Don Melton’s personal memories of working with Steve Jobs.
And then clicked to reveal his special slide — poster art I’m sure everyone has seen before — a 1940’s-style rendering of a grinning man holding a big mug of coffee next to his face with this text alongside like a world balloon:
“How about a nice cup of shut the fuck up.”
And then the best part — the part we didn’t know was coming — Steve paused, turned to his V.P. of Marketing and deadpanned, “What do you think, Phil? Too much?”
“This is Steve Jobs. You think I’m an arrogant [expletive] who thinks he’s above the law, and I think you’re a slime bucket who gets most of his facts wrong.”
– Steve Jobs (Man, I really miss Steve…)
Apple offers a more appealing hardware platform (far fewer devices, all of them with high end performance); a richer, deeper software platform; and a more engaged, higher-spending customer base. It’s all of these factors in conjunction that make iOS the mobile platform with the strongest developer support.
And this is what is meant by “future-proof”. Re-using USB and micro-USB (or any existing standard) could never do any of that.
A very thorough look into the details of the Lightning connector. It’s very technically capable and, especially recently, appears to have been a very smart decision.
AnandTech has a great review covering the design and performance of the new Mac Pro. GPU computing is the future of professional computing and it is especially interesting to see how Apple embraces it in the new Mac Pro.
The Mac Pro’s thermal core makes a lot of sense from an area efficiency standpoint as the chances that you have all three processors in the system (Xeon CPU + dual AMD FirePro GPUs) running at max speed at the same time is highly unlikely. By having all three players share one large heatsink Apple can optimize for the most likely usage scenarios where at most one processor is running at close to max TDP.
Very interesting to read about some of the inside accounts that are starting to come up from around the iPhone launch.
If you’re wondering why Apple has been so focused on building its own SoCs and CPU architectures, this is the reason why. There’s a fixed amount of power you can dissipate in the form of heat in these mobile devices while still maintaining a good user experience. Performance per watt is the gating metric for success in mobile, and shipping high IPC/low frequency dual-core SoCs at 32/28nm is the best optimization available to a company like Apple today.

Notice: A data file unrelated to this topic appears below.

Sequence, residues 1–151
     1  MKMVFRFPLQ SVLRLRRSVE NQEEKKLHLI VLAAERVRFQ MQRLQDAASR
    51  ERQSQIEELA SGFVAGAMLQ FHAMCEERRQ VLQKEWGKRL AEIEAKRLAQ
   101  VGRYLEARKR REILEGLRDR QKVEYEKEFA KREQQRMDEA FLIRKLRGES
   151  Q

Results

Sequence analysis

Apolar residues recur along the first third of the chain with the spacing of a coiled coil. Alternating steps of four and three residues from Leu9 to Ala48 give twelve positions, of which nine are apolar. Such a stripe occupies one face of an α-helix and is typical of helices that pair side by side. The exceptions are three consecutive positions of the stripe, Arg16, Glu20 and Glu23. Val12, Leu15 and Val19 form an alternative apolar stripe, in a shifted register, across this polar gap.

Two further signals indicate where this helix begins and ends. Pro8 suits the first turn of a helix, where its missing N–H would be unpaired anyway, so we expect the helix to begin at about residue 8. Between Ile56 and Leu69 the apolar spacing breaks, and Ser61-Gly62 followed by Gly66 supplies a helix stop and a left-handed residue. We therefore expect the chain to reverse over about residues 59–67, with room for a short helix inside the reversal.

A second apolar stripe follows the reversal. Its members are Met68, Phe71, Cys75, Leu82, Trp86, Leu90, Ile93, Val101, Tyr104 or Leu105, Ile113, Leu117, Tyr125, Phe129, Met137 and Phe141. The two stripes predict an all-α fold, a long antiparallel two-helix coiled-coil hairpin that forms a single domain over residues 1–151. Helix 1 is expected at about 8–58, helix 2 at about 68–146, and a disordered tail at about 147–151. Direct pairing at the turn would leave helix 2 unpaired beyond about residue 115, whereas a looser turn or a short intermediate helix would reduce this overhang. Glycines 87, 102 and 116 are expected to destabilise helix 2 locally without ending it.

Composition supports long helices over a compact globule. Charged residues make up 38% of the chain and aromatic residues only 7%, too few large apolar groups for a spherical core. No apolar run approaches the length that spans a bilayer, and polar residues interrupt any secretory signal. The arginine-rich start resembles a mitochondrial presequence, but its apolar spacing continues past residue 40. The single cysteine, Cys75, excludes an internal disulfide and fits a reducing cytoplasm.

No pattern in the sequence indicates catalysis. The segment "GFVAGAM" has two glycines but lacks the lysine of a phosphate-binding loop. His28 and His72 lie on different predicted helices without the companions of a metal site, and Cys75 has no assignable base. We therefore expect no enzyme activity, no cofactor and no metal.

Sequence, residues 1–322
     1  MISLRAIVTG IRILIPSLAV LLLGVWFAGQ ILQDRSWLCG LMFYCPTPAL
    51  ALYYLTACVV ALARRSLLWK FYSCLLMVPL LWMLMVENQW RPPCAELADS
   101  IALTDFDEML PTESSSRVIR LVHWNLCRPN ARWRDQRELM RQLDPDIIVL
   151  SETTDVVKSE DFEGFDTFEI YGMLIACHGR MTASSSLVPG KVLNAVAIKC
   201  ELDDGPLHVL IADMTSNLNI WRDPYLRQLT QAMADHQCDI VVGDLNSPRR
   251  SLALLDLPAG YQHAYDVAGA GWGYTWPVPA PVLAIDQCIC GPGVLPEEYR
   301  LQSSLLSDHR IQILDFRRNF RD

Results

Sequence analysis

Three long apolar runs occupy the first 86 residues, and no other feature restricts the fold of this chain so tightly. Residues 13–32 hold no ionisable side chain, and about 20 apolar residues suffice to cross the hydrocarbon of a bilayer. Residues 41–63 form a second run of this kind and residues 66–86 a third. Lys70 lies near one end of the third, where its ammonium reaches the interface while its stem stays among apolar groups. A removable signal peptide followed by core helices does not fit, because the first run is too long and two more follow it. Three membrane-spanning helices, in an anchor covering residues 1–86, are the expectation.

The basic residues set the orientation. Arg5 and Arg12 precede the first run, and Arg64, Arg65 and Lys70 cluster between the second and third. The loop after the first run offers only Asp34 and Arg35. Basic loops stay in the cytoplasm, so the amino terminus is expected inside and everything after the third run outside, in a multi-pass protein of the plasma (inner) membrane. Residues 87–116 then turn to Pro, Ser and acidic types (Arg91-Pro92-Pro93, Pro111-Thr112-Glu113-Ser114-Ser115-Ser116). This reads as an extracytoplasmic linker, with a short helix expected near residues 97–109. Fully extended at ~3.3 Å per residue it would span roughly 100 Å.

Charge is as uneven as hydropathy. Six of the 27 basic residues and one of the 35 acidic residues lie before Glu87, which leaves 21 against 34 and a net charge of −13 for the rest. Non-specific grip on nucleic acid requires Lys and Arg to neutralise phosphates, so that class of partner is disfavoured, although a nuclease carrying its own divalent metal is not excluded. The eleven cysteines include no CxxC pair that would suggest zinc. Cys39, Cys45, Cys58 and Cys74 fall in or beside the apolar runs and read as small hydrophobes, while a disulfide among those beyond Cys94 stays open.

Exploring the details of the A7 shows just how powerful it is, and reveals some of the clever tradeoffs made in order to achieve that power.
Apple, unlike Google, or Facebook, or even Microsoft, is not a services company (as long-suffering iCloud/MobileMe/.Mac/iTools customs can attest), and so, to prescribe any sort of goodness to their decision to not retain user data is much less useful than an examination of what actually matters to their bottom line. And, as a hardware company, that means the supply chain. And that means people like Bibek Dhong.
Ben Thompson makes a very good point that it is not enough to judge the morality of a company like Apple just based on its privacy practice, which is primarily a byproduct of its business model and not a moral choice. It is much more appropriate to use metrics that are instead a reflection of its actual business, such as evaluating the supply chain.
That means that Google has gone from having at least 31m users on the iPhone in April 2012 - and perhaps as many as 35m in September 2012, based on a model using a sliding scale of maps ownership - to around 6.3m who are using it monthly on iOS 6 and above.
Wow, hadn’t realized how big an impact Apple Maps has had on Google Maps’ usage. Not the impression received from just reading most tech news, surprise surprise.
AnandTech’s review of the new iPad Air provides a detailed look into the technical side.
When I reviewed the iPhone 5s I didn’t have much time to go in and do the sort of in-depth investigation into Cyclone (Apple’s 64-bit custom ARMv8 core) as I did with Swift (Apple’s custom ARMv7 core from A6) the year before. I had heard rumors that Cyclone was substantially wider than its predecessor but I didn’t really have any proof other than hearsay so I left it out of the article. Instead I surmised in the 5s review that the A7 was likely an evolved Swift core rather than a brand new design, after all - what sense would it make to design a new CPU core and then do it all over again for the next one? It turns out I was quite wrong.
It is astounding, and often overlooked, how much Apple’s chip engineering has accomplished in just a few short years.